Anger Management: Don’t Scare Her Away

 By Nina Atwood

Dear Nina: My ex-girlfriend and I met on Myspace, emailed for a week, phoned for a week, then met for dinner and a walk. We dated for two and a half weeks, walking along the beach holding hands. Then she blew me off, saying it was just a friendship and she didn’t have time for a relationship. I was angry but I moved on. A month later, she called me, apologized and wanted another chance. We dated for three months and it went well. Her only complaint was that it was annoying to witness me getting mad at drivers in other cars. One night we were watching a movie about a man physically abusing a woman and I got very angry. She called me later and said that I scared her with my anger, and broke up. I tried to stay away. A week later I called but only got her sister on the phone. Since then I’ve text messaged her sister, sent a few emails to my ex-girlfriend, and gotten little response. How do I turn this around and get her back? I think she’s running from our relationship because of childhood issues. I’m losing sleep and full of anxiety. Help! – David

Dear David: Your ex-girlfriend has given you a great opportunity – to focus on your own growth so that this doesn’t happen again. Fear and love do not go well together, so when you frightened her, you likely crushed whatever feelings of affection she had for you. It’s not okay to act out your anger while driving; it’s not okay to show anger when she breaks up; it’s not okay to act out your reaction to a television show. It’s ironic that the show was about a man abusing a woman, and your reaction scared your girlfriend.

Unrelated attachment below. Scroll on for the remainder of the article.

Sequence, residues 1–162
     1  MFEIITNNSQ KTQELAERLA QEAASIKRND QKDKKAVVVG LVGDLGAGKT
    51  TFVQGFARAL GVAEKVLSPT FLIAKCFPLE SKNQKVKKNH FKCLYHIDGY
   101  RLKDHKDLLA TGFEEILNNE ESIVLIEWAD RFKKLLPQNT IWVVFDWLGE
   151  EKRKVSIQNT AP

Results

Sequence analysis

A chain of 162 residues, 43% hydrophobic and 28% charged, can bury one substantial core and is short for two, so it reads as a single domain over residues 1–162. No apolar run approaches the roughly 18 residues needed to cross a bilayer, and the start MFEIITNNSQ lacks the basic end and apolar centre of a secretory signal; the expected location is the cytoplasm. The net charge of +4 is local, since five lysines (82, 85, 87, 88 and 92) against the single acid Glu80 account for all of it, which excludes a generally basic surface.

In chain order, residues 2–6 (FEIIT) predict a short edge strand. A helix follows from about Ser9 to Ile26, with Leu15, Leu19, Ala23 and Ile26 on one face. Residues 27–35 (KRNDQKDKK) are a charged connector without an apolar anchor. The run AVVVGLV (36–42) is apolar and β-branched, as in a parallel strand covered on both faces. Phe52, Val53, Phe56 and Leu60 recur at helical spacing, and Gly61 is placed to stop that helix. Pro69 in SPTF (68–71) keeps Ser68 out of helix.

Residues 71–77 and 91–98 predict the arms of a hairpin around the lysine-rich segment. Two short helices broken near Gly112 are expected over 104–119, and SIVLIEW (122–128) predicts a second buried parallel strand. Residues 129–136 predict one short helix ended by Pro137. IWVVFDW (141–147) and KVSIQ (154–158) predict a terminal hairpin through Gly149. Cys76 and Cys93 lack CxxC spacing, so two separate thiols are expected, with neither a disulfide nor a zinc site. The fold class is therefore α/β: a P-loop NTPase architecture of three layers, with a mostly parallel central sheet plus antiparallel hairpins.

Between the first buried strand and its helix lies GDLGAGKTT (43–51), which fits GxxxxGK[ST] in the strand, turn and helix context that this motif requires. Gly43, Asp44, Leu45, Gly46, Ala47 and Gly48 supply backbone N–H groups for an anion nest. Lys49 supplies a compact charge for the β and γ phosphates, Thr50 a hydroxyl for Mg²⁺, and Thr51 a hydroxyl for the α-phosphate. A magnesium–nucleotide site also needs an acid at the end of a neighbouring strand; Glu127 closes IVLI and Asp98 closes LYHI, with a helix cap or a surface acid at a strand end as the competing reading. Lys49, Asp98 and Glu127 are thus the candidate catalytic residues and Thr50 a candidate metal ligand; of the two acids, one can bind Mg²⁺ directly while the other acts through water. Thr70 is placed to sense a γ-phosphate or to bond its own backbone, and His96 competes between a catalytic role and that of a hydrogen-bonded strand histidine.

Anger is your theme, and that’s what you have to fix if you ever want to have a good relationship with a woman. Your reaction to the television show indicates that it’s an issue for you. I’m wondering if you witnessed mistreatment of a woman – your mother, or someone else dear to you. I’m wondering if you grew up with an angry father. Whatever the issue, it’s yours now to deal with.

The first step for you is to stop contacting your ex. She’s made it clear that she’s not interested. When a woman says “no,” you must respect that boundary. No matter how frustrating it is for you, that’s your issue, not hers. Stop. If there’s any hope for a future with her, it will be because she walks back in the door, not because you coerced her back into your life (which I don’t think is a possibility as she’s clearly closed the door). If you continue to contact her sister or her, she will feel harassed, and that’s not at all the feeling you want to inspire in a woman you care about.

Second, if you’re not already, get yourself in therapy and deal with your anger issues. The point of growth for you is to learn how to be frustrated and not act it out; to learn the daily practices that will re-wire your brain toward greater serenity so that most things don’t frustrate you. As you change your level of frustration, reduce the emotional triggers that set you off, and learn to accept other people’s choices and behaviors without taking them personally, you change your own radar for relationships. You will attract women who are strong and confident, and you won’t be threatened. You’ll be confident that your love is enough for the right woman. You will easily let go of anyone who doesn’t feel that you are right for her, and that will be okay.

Entry Filed under: Advice for Men,Ask the Singlescoach®,Breaking Up,Dating,Personal Growth,Relationships

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